Thursday, 1 March 2012

Snettisham in winter - a cold, early start...

Back in February, I made the trip to the RSPB nature reserve at Snettisham, Norfolk, to see the wader spectacular.  This is when a spring tide forces the many thousands of waders, here on migration, towards the shoreline, offering twichers and photographers alike unprecedented views of their morning flights.

Leaving my bed at 5am was not my favourite part of the day by a long shot and, when we arrived, it was still very much dawn and was very cold to boot, at around -11.

Arriving early ensures you see the birds waking up, including the flocks of pink-footed geese flying from their night-time roosts in the Wash, to their sugar beet feeding grounds inland.  It also rewards you with, if you're luck's in, some gorgeous views of the sun rising.

As always, the pink-footed geese put on a spectacle...

... and on this particular day, there were plenty of other like-minded folk to watch.

Once the sun was well on its way, the waders awoke and began to perform for the crowds.  It's always such an amazing sight to see so many birds flying in formation, changing their shape in a heartbeat.

Unfortunately, after only a couple of hours, fog began to roll in off the sea which essentially put an end to any landscape photography involving flying waders.  There were, however, snow buntings flitting around, which began to feed on the shoreline.  The change in subject prompted me to begin thinking more about the composition of the photo, rather than just focussing on the subject and snapping away.  I began experimenting by lying on the floor (in the snow) to be at their level, as well as using shallow depth of field.  I'm very pleased with the results and I will definitely continue to play around with this.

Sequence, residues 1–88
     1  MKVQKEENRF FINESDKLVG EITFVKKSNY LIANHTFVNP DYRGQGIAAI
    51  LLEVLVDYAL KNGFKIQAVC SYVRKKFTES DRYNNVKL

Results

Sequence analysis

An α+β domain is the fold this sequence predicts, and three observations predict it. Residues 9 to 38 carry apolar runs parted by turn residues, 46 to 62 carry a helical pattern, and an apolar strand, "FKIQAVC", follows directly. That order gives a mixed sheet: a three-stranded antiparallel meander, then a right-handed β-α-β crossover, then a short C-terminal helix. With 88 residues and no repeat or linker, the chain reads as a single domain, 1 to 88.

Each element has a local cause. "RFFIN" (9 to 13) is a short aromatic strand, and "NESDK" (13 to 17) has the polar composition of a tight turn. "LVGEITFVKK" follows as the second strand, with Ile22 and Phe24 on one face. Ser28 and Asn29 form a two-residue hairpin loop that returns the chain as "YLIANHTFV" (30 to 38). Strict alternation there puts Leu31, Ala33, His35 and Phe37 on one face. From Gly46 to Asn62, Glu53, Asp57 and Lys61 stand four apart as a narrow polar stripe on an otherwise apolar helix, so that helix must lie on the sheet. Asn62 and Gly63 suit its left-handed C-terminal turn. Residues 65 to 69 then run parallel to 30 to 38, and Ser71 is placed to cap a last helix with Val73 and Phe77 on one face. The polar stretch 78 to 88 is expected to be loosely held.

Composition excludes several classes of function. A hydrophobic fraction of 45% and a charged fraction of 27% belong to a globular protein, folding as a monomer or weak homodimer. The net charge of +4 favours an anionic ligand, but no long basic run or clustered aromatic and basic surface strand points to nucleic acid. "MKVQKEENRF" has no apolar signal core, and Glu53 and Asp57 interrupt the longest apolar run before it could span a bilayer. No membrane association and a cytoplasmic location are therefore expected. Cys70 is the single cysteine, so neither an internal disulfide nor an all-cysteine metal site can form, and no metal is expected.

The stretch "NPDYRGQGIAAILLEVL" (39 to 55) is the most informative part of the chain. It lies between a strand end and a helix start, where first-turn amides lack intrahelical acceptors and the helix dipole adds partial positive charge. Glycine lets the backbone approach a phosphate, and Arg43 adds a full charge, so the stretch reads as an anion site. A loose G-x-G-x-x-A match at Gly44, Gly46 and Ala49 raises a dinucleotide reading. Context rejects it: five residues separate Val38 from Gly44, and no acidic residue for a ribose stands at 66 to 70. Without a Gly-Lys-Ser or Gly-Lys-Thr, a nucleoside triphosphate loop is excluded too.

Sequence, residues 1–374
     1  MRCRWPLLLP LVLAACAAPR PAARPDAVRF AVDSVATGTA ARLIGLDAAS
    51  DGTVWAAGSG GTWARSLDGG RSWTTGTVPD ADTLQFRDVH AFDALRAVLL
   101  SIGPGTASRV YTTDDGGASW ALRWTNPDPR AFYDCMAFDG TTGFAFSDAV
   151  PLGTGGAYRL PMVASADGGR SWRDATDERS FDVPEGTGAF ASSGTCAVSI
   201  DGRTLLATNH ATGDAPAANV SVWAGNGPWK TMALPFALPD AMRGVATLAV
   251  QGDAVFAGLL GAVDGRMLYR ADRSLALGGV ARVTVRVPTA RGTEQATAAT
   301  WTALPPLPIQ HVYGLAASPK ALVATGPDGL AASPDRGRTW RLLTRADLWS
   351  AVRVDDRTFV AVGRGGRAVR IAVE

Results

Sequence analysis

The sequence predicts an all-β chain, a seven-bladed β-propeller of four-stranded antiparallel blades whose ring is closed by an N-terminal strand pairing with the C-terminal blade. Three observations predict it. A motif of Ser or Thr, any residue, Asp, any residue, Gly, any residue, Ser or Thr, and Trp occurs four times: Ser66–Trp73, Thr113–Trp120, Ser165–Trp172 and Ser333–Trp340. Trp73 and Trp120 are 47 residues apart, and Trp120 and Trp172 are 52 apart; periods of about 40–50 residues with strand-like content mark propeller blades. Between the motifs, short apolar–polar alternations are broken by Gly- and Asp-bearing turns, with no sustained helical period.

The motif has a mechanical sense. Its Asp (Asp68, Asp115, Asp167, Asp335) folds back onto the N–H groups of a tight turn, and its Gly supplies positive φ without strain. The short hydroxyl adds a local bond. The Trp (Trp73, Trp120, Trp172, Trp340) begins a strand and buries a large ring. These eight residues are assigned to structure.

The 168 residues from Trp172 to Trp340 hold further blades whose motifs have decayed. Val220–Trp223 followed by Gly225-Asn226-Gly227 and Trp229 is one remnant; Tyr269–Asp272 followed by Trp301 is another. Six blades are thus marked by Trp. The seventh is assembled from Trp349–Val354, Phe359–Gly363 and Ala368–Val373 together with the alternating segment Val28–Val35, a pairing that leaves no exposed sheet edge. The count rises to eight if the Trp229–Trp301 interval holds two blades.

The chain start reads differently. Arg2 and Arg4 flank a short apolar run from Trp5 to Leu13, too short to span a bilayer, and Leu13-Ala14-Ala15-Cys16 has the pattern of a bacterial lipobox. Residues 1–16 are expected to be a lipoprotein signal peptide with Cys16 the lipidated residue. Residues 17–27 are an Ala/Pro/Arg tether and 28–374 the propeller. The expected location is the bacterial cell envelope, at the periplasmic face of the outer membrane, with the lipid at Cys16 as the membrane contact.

My wildlife spotter (aka, my girlfriend) managed to spot this red knot lying quietly next to the path.  I think it must have thought that it was well blended in to its background which, if it wasn't for the snow, it probably would have been.  I sat perfectly still, allowing me to take some shots.

On our way back to the car, by this stage dreaming of the warmth it offered, I spotted this female blackbird rooting around in the undergrowth.  Again, she was very calm and posed nicely for this photo.

After finishing at Snettisham, we drove to North Creake on the hunt for barn owls, as I'd kind of promised my girlfriend that we would find some.  Unfortunately, that didn't work out as planned, but we did see a few buzzards soaring overhead.

And finally we spotted a mistle thrush sitting quietly on a telephone line, a first time spot for me.

1 comment:

  1. I really like the moon and sand shot. I'm much too refined to comment on wildlife photographers lying in the snow playing around with . . . this.


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